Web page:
For the 12 years following 1974 the county had a two-tier system of local government. The county council was abolished in 1986, so its districts are now unitary authority areas. However, the metropolitan county continues to exist in law and as a geographic frame of reference, several county-wide services are co-ordinated by authorities and joint-boards, such as Merseytravel, Merseyside Fire and Rescue Service and the Merseyside Police; the boroughs of Merseyside are joined by the neighbouring borough of Halton in Cheshire to form the Liverpool City Region, a local enterprise partnership and combined authority area. Merseyside is an amalgamation of 22 former local government districts from the former administrative counties of Lancashire and six autonomous county boroughs centred on Birkenhead, Liverpool, Southport, St Helens, Wallasey. Merseyside was designated as a "Special Review" area in the Local Government Act 1958, the Local Government Commission for England started a review of this area in 1962, based around the core county boroughs of Liverpool/Bootle/Birkenhead/Wallasey.
Further areas, including Widnes and Runcorn, were added to the Special Review Area by Order in 1965. Draft proposals were published in 1965, but the commission never completed its final proposals as it was abolished in 1966. Instead, a Royal Commission was set up to review English local government and its report proposed a much wider Merseyside metropolitan area covering southwest Lancashire and northwest Cheshire, extending as far south as Chester and as far north as the River Ribble; this would have included four districts: Southport/Crosby, Liverpool/Bootle, St Helens/Widnes and Wirral/Chester. In 1970 the Merseyside Passenger Transport Executive was set up, covering Liverpool, Sefton and Knowsley, but excluding Southport and St Helens; the Redcliffe-Maud Report was rejected by the incoming Conservative Party government, but the concept of a two-tier metropolitan area based on the Mersey area was retained. A White Paper was published in 1971; the Local Government Bill presented to Parliament involved a substantial trimming from the White Paper, excluding the northern and southern fringes of the area, excluding Chester, Ellesmere Port.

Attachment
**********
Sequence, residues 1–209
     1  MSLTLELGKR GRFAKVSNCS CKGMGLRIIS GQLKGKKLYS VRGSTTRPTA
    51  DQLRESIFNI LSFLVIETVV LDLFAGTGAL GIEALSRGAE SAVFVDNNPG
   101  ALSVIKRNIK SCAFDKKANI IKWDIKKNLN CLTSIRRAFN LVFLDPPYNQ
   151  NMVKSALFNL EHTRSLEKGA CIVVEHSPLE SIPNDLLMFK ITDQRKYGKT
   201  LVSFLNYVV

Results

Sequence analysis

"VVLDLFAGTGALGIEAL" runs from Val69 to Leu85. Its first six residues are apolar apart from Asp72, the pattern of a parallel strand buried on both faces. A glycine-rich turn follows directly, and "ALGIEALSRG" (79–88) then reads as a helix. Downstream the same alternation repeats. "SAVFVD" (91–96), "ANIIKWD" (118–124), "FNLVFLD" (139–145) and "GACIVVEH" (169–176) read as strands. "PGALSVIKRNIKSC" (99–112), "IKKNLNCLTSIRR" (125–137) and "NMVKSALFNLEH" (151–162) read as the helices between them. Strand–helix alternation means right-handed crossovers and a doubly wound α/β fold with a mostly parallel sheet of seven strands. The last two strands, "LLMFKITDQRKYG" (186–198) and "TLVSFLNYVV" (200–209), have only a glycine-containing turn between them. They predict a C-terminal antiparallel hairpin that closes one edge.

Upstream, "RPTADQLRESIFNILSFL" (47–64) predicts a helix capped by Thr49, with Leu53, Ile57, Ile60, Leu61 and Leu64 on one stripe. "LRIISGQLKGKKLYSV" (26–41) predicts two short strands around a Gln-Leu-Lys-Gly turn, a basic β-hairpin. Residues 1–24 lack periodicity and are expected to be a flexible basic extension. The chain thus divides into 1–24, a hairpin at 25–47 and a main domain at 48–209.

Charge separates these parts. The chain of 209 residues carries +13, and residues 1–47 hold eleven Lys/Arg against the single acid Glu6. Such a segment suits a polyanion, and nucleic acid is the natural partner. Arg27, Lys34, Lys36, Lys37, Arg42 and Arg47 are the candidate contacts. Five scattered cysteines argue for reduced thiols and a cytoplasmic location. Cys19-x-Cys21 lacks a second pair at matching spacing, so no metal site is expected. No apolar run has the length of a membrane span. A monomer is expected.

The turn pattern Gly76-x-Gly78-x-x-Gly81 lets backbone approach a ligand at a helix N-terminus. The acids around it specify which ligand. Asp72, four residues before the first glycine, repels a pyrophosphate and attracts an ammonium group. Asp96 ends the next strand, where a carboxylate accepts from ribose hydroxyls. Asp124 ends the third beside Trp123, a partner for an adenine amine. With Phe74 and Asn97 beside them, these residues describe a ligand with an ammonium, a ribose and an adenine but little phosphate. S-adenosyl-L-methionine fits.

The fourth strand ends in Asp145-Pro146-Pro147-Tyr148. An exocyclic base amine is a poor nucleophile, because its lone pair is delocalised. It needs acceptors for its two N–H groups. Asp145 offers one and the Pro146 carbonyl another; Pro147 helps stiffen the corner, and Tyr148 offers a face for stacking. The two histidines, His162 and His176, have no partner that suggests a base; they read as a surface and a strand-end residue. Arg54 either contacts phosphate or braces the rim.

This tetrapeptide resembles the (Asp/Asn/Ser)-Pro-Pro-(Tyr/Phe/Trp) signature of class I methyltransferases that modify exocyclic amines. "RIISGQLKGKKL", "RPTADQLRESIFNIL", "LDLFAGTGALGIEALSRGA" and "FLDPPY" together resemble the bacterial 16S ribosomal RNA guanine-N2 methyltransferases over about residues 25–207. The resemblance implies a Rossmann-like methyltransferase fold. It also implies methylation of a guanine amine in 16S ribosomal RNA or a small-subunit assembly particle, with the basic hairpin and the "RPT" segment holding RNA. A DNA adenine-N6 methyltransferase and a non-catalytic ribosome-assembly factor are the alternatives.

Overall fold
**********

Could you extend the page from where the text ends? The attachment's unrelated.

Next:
Further alterations took place in Parliament, with Skelmersdale being removed from the area, a proposed district including St Helens and Huyton being subdivided into what are now the metropolitan boroughs of St Helens and Knowsley. Merseyside was created on 1 April 1974 from areas parts of the administrative counties of Lancashire and Cheshire, along with the county boroughs of Birkenhead, Liverpool, St Helens. Following the creation of Merseyside, Merseytravel expanded to take in St Southport. Between 1974 and 1986 the county had a two-tier system of local government with the five boroughs sharing power with the Merseyside County Council. However, in 1986 the government of Margaret Thatcher abolished the county council along with all other metropolitan county councils, so its boroughs are now unitary authorities. Merseyside is divided into two parts by the Mersey Estuary, the Wirral is located on the west side of the estuary, upon the Wirral Peninsula and the rest of the county is located on the east side of the estuary.
The eastern part of Merseyside borders onto Lancashire to the north, Greater Manchester to the east, with both parts of the county bordering Cheshire to the south. The territory comprising the county of Merseyside formed part of the administrative counties of Lancashire and Cheshire; the two parts are linked by the two Mersey Tunnels, the Wirral Line of Merseyrail, the Mersey Ferry. Merseyside contains green belt interspersed throughout the county, surrounding the Liverpool urban area, as well as across the Mersey in the Wirral area, with further pockets extending towards and surrounding Southport, as part of the western edge of the North West Green Belt, it was first drawn up from the 1950s. All the county's districts contain some portion of belt. Raby on the Wirral is Merseyside's green belt. Ipsos MORI polls in the boroughs of Sefton